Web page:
Tips for getting a
career-development award

Published December 01 2016

I often am asked “How do I get a K99/R00 award?” or “I am no longer eligible for K99/R00. What can I do?”

A K99/R00 is a career-development award entitled “Pathway to Independence.” It has been sponsored by the National Institutes of Health since 2007. A K99/R00 award helps a postdoctoral fellow transition from a mentored position into that of an independent investigator.

The K99/R00 is the only NIH-sponsored career-development award that’s open to both U.S. and non-U.S. citizens and residents who hold either terminal clinical or research doctorates. The combination of a mentored phase (K99 of one to two years) and an independent phase (R00 of three years) makes the award an effective mechanism for junior investigators to achieve independence, which often is reflected in acquiring research project grants in the form of R01s.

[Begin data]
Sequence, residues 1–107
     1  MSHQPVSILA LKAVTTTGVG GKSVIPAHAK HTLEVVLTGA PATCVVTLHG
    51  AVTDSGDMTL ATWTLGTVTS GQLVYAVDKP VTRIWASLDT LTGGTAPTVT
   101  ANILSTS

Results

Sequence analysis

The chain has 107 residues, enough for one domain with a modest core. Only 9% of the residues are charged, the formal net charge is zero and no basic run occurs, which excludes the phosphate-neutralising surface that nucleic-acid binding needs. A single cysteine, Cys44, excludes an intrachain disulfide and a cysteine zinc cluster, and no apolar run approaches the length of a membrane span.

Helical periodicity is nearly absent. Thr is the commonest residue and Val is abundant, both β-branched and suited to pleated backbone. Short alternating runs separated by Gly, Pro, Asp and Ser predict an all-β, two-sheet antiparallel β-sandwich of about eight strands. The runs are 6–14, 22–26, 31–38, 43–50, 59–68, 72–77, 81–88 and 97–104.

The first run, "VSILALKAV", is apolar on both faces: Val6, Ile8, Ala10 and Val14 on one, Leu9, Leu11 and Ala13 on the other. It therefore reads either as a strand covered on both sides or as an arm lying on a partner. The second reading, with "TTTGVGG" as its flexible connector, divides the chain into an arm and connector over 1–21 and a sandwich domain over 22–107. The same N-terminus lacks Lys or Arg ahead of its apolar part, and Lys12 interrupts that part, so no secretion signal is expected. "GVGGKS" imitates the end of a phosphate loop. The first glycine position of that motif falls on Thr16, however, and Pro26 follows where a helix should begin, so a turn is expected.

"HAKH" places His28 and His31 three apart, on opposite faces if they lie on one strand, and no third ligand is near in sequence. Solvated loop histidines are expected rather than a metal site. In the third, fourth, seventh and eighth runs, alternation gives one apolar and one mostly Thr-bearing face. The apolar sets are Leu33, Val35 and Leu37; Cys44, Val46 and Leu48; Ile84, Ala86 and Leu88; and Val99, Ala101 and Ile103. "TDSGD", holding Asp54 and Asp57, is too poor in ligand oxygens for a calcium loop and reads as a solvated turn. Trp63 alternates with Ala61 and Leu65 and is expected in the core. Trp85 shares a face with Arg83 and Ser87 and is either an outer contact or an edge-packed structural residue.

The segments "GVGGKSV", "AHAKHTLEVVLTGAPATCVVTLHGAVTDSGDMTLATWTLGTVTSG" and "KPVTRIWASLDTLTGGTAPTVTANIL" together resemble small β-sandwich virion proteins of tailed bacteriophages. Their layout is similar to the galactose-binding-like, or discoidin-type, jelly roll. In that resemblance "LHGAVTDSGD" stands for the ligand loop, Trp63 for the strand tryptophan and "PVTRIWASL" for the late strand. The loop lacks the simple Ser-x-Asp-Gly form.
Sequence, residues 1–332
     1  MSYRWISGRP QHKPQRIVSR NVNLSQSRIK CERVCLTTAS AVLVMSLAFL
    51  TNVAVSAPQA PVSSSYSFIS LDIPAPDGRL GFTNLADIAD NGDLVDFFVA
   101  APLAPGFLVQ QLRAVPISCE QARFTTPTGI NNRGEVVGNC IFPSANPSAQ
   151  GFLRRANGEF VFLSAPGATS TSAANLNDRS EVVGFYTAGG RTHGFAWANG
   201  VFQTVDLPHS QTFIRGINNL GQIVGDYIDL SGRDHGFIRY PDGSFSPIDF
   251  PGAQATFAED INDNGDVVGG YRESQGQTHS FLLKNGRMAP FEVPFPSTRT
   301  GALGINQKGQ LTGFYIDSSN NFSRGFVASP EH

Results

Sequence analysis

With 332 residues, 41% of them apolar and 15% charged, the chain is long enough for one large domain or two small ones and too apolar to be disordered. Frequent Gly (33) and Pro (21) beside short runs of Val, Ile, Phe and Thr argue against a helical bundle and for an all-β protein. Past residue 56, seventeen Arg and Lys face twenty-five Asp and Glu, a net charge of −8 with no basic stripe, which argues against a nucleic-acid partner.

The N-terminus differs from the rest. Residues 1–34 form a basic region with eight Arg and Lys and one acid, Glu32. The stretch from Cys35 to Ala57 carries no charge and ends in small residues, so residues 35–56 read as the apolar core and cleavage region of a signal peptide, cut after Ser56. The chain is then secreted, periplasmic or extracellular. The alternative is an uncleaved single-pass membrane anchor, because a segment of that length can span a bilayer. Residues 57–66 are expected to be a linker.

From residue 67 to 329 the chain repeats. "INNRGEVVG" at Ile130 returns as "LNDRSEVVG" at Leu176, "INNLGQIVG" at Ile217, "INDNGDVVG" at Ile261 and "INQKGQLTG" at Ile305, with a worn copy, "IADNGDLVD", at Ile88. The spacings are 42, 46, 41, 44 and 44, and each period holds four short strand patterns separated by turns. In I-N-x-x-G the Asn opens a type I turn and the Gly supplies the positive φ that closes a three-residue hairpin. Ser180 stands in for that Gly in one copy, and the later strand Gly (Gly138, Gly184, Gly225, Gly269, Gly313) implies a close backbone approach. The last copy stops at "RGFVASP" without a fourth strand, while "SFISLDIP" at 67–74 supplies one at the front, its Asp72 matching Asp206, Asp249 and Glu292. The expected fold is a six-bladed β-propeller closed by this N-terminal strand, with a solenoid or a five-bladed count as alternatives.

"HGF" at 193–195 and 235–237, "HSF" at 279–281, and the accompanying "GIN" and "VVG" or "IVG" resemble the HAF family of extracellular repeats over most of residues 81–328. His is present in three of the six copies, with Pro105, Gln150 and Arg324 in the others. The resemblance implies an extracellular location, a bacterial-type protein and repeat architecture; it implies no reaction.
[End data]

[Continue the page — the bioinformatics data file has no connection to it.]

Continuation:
So what can you do to better your chance of getting a K99/R00 grant or any type of career-development award?

For six years before retiring from Columbia University in 2015, I served periodically on a special emphasis panel that reviewed about 50 K99/R00 applications per grant cycle submitted to the National Heart, Lung and Blood Institute. This experience gave me insights into the K99/R00 mechanism. In the past year, I became a program officer in the office of research training and career development in the division of cardiovascular sciences at the NHLBI. I manage a portfolio of grants that includes mentored career-development awards and institutional training grants.

Based on my experience, I have a few tips for those who are seeking an NIH career-development award. But these tips are also applicable to other non-NIH-funded career-development awards.

Start early